Web Worms On Panicle Hydrangeas

Panicle hydrangea 'Firelight' in full bloom

Panicle hydrangeas can turn rosy-red as the season cools down

In July, I wrote about web worms (Hyphantria cunea) on panicle hydrangeas. For the past several weeksthe second generation of web worms has been active in my neck of the woods. And boy, are they active! It seems every day they form new webs where none were the previous day. That will continue through October or until the first killing frost. Ugly doesn’t come close to what the plant looks like when these beasties are at work.


Web worms on panicle hydrangea

Web worm nest on panicle hydrangea mars the look

Web worms are the larvae from moth eggs that were laid on the underside of foliage. The pupae survive the winter in a cocoon beneath ground litter and soil, and emerge the following year. The cycle begins anew as they mate and lay their eggs on the undersides of leaves. Once the larvae hatch (in about a week), they spin their web over the foliage so they can begin feeding. As you can conclude, fall clean up is key to prevention next year.



Web worms on panicle hydrangea leaf

Fall web worms on panicle hydrangea leaf

To treat for web worms, you can simply cut off the stem with the web on it. Put it in the trash, not the compost. However, if you’re like me, you want as many flowers as possible. In that case, fix the problem surgically. Break open the web and expose the worms to make a tasty meal for your birds. Or you can snip off and dispose of the damaged leaves, preserving your flower at the tip of the stem. Then look around: it’s likely you have web worms on other plants. It’s known to be active on over 100 plant species. I found them on my crabapples and redbuds. If the webs are too high to reach, use a long handled tool like a pole pruner, rake or broom to break open those webs.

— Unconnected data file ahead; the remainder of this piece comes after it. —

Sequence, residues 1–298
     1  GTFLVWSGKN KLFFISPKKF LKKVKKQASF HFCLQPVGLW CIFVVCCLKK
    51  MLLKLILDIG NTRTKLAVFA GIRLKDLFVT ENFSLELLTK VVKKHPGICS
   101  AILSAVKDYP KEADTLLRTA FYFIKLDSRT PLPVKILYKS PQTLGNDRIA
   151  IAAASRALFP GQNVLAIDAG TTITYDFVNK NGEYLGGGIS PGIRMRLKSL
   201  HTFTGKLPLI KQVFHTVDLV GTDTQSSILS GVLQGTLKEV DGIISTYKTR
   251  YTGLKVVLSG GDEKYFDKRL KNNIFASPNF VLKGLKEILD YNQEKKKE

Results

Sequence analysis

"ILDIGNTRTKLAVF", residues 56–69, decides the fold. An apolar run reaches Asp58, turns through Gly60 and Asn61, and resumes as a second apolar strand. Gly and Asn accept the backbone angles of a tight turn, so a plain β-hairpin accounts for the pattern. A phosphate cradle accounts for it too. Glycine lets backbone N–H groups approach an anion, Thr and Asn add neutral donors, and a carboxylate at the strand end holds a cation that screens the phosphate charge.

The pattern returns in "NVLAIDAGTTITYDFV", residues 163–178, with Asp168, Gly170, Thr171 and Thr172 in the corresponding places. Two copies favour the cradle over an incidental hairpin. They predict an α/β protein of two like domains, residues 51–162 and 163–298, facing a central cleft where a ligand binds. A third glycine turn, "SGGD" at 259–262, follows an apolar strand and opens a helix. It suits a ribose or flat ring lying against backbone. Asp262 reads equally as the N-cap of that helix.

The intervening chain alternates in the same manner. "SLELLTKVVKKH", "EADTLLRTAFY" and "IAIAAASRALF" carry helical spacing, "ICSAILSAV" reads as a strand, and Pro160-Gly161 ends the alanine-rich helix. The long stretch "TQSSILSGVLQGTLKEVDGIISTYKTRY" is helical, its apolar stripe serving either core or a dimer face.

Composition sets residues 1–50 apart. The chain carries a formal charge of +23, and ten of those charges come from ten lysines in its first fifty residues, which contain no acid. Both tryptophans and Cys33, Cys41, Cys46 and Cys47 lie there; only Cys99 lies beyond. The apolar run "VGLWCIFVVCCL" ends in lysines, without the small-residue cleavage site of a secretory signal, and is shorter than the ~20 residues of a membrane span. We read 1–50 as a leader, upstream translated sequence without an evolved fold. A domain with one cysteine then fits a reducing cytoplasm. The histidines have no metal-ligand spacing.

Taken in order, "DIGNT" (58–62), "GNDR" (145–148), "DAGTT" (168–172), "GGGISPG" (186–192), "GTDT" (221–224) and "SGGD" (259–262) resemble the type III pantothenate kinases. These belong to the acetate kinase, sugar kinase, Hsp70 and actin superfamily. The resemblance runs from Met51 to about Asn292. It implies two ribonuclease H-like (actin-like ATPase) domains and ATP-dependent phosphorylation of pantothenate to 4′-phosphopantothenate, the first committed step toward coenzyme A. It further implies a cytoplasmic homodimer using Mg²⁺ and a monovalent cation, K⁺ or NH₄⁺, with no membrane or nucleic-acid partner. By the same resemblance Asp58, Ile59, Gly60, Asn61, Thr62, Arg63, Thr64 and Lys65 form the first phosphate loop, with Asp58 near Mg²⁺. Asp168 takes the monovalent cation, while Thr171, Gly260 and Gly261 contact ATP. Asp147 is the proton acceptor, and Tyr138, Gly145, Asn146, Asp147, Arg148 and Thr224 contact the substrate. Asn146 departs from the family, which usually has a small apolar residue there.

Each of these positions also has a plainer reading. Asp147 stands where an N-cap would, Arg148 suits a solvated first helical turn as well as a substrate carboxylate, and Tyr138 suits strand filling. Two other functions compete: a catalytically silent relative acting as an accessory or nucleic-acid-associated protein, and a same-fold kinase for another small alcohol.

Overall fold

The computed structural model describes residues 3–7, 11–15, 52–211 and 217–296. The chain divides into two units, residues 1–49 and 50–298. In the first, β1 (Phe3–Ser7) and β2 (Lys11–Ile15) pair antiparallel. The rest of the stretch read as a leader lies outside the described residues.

If you must apply an insecticide, the one to use once you open the nest is Bacillus thuringiensis subspecies kurstaki (Btk), not Spinosad. Btk is the treatment that works on members of the moth family. Like most organic products, it is ineffective when it dries and only works on contact with the caterpillar: it must be ingested. You can’t spray preventively; you must target the caterpillar in the moment. Keep in mind that although Btk is an organic treatment, it is lethal to all caterpillars, including those that turn into butterflies. Just another reason to use a mechanical approach. But if the caterpillars are gone by the time you get to the nest, forget the Btk: the insecticide is useless. I prefer not to use an insecticide regardless. It’s low tech all the way for me.

The season is late so the impact of webworms on your plant is mostly cosmetic. But your plant has been stressed so treat it well until it goes dormant, making sure it gets watered if you have a dry fall. Do not fertilize but feel free to add compost – that’s always a good thing.

Regardless of where you find webworms, GET RID OF THEM!




If you find yourself on Cape Cod this month (maybe you’re thinking about a trip there?), why not attend the Cape Cod Hydrangea Society meeting? I’ll be speaking to this illustrious group about The Magic Of Rebloomers.

DATE: Saturday, September 28, 10 a.m. Harwich Community Center, 100 Oak St, Harwich, MA 02645. Non-members can attend free of charge without pre-registration.

You can also check the calendar tab on my website for other speaking dates.


Hope to see you there!


6 Secrets for Stunning Hydrangea Flowers

Get my FREE mini-guide with 6 fool-proof tips showing how to grow hydrangeas that produce the most amazing flowers.

No spam - I promise!

Something went wrong. Please check your entries and try again.

Recent Posts